DAKUK‚ Iraq — In the rugged landscape of northern Iraq where biblical tradition holds that Cain killed Abel, the ancient fault lines of sectarian and ethnic conflict are laid bare.
There is no map that points to where the Old Testament story of Adam and Eve’s first-born son killing his brother might have taken place. The Bible says only that it lays ‘East of Eden.’ But 13th century historian Yacout al-Hamawi places it in the shadow of the Hamreen Mountains near this ancient town that would have been on the road from Babylon to Nineveh.
Today, in this same troubled land, the divisions that have wracked the region for centuries are coming to the surface. On the tenth anniversary of the US-led war in Iraq, the struggle for power is playing out not just in the halls of government and parliament but in the car-bomb factories and bank accounts that fuel sectarian attacks.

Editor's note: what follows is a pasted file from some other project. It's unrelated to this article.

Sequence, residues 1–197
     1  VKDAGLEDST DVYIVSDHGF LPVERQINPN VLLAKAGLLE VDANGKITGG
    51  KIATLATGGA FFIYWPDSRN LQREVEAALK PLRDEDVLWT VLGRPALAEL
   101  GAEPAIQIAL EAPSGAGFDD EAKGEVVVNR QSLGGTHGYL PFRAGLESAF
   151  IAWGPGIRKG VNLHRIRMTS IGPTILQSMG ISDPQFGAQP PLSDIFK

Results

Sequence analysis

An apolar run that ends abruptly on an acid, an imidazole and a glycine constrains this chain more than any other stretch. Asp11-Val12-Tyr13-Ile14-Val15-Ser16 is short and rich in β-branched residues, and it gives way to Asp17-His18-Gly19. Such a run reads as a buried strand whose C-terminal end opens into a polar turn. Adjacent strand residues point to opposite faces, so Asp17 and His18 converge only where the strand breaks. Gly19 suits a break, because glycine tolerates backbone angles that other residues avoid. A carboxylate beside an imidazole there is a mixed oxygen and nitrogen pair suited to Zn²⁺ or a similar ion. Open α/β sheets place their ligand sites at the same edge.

Some believe the seeds of the popular movements across the Arab world that have toppled dictatorial regimes were sown with the removal of Saddam Hussein from power. In Iraq, the demise of his iron-fisted dictatorship blew the lid off of suppressed sectarian conflict and opened the door to regional extremists.
In a country known for its relative religious tolerance, one of the biggest forces at play has become an ideology in which a tiny number of Sunni Muslims believe it is a religious duty to kill Shia Muslims. Those attacks by the Islamic State of Iraq are again increasing. Some believe the al-Qaeda front group is hijacking a growing protest movement by Sunni Iraqis who believe they have been displaced by the Shia’s historic rise to power.
In a culture in which neighbors refer to each other as brothers, the parables of Cain and Abel are still being played out in this ancient land of prophets.
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